For every problem the mind creates in our lives, there is also a simultaneous solution created by the mind. Good to know! (This is also an important distinction. The problems that we most often face on a daily basis exist nowhere but from the fertile breeding ground of the mind generating them.)
In other words, the problems "out there" already have myriad solutions. You get a flat tire, you can fix it. Your flight's cancelled, you can book a new one. Problems in the world are different than problems in the mind. And one could also argue that it's the mind in the first place that's creating the problems in your world.
It's not mind over matter. It's mind into matter.
So when we create a problem in our mind and start freaking out, a light bulb also comes to you to show you how to fix the problem. Always.
The No. 1 way to fix any problem is to act (not on stage, in your own life).
But generally we default back into the rumination of our mind that got us stuck in the first place. So unless we make the effort, we stay in the problem.
Andrew Newberg, a leading neuroscientist, has a new book on brain science that talks about why we resist change. From a neurological perspective, "After spending decades building a somewhat stable personality to handle life's tribulations," he says, "the brain is hesitant to alter its underlying beliefs. Even if the behavior is dysfunctional, it has helped you to survive."
Ouch. So from a neurological perspective it's as if we'd almost prefer to stay in our own suffering than make a change.
What? How can that be? Say it isn't so!
To move from our problems into what we want forces us to confront our limited self-dialogues that have neurologically defined us for decades and we've spent a long time re-enforcing by the way we think, act, and engage with the world.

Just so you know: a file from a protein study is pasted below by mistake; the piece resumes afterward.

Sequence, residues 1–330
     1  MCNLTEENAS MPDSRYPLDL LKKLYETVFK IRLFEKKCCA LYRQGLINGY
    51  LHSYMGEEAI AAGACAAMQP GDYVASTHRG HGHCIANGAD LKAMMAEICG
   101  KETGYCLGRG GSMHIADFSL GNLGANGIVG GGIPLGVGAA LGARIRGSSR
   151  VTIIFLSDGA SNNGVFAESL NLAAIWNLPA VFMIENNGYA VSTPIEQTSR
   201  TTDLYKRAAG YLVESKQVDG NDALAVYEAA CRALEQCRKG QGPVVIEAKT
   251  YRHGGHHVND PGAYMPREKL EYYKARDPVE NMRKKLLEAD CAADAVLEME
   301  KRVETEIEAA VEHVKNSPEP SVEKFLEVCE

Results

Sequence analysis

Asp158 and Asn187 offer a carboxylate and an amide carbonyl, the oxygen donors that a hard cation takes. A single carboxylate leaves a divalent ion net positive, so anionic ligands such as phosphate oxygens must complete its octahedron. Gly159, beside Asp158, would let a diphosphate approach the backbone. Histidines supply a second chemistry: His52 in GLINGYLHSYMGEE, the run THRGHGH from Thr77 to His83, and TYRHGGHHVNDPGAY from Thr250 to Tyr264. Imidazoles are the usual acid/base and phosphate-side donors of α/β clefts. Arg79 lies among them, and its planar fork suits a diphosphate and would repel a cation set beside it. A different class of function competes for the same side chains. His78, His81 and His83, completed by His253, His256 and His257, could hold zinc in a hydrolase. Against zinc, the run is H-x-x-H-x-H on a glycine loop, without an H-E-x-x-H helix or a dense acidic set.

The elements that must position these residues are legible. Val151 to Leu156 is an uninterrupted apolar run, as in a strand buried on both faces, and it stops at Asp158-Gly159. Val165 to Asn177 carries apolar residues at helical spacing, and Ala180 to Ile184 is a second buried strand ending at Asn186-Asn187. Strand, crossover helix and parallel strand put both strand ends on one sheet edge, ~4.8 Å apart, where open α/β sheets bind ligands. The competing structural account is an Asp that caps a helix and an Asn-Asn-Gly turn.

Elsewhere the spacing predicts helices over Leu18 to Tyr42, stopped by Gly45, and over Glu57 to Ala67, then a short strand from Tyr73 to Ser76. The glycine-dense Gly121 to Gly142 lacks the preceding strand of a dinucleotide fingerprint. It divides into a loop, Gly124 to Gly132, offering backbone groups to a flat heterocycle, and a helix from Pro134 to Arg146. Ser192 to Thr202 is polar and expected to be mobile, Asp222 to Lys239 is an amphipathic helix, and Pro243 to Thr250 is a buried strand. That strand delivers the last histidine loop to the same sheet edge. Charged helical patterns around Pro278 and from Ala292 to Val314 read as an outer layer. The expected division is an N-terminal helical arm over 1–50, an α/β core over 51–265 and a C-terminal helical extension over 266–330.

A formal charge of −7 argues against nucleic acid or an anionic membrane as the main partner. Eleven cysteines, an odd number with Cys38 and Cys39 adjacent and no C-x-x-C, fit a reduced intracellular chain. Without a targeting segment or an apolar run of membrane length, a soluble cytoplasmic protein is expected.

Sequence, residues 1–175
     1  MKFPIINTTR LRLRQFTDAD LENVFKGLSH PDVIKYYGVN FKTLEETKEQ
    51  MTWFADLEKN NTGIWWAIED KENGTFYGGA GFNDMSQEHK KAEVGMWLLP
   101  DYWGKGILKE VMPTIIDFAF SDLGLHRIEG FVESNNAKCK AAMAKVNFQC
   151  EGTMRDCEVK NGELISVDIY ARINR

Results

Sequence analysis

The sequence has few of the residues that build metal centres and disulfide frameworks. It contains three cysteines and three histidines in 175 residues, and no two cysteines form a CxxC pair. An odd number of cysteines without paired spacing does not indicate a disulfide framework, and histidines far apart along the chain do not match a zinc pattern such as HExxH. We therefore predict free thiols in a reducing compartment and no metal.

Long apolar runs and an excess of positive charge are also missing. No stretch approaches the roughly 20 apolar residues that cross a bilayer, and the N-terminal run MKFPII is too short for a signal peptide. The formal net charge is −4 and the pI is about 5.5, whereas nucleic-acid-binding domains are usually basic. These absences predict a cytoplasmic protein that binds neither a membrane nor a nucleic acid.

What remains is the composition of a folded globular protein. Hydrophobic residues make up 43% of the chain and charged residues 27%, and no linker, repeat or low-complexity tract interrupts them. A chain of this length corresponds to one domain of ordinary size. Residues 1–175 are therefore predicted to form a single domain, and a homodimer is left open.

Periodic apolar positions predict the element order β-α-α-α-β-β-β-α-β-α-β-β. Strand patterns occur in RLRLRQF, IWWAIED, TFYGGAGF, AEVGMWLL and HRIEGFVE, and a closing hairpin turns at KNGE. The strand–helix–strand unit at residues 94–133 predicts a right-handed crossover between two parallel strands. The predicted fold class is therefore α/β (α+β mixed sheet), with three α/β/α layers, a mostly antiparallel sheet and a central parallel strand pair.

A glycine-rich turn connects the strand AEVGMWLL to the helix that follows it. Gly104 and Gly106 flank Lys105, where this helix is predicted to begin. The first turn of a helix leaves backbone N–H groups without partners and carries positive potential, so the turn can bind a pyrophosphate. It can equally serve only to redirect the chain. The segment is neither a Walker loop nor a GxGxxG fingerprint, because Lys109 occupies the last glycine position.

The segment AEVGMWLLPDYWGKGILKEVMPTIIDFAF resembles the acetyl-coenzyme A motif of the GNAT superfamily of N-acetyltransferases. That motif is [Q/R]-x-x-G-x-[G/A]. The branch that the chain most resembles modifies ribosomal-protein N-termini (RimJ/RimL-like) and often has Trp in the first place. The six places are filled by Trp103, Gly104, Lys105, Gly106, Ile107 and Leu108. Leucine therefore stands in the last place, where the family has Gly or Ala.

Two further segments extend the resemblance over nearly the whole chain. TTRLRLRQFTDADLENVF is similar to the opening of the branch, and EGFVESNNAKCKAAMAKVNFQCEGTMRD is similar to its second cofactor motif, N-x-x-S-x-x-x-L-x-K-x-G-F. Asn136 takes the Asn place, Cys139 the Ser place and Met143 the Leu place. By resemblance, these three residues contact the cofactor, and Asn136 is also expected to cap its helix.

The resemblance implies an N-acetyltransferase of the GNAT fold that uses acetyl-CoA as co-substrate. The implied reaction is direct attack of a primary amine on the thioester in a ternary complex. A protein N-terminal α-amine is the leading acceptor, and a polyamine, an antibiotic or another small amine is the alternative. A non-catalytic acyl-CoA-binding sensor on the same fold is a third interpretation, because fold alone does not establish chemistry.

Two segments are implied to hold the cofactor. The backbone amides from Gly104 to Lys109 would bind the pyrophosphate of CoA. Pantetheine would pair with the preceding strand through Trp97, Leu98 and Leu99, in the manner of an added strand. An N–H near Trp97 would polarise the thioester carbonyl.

So you've been dumped by your agent, but haven't done anything to get a new one, and you feel unhappy and stuck. Or, you want to leave your boyfriend but are too scared to take the leap even though you're miserable.
The problems present the solution.
But to meet yourself at a new level of where an "a-ha" is coming from is a scary proposition because it's going to ask you to work against your ingrained beliefs and then act on the clarity that comes to you.
So how? How do we step into what we want more of in our lives? More work, better relationships, more fulfillment, better roles, more exciting projects, representation, a movie role, the lead on a series?
You have to make a conscious commitment to make different choices.
So here's the first way (others will come in the following weeks):
We all complain a lot. Complaining is just speaking over and over about that which you think you don't have the power to change and you do. So we complain about something so we can stay stuck. Bam! Most things we complain about we can change at a causal level. (Think about it. The things we most often bitch about we have the power to actually change.)
And those circumstances we can't physically alter, we can learn to accept and therefore stop complaining about them. What's the serenity prayer? "Grant me the serenity to accept the things I cannot change."
So either taking action or practicing acceptance actually leads to the same thing. You can change 100 percent of the things you b*tch about.
This week, take the seven-day challenge. Try not to complain about anything. Watch what it will do to your outlook on life, your mood, your energy. Every time you do complain, however, you have to go back to day one and start over. So a seven-day challenge might turn into a 21-day challenge. It's up to you.
But isn't that better than no change at all?
*First published on Backstage.com*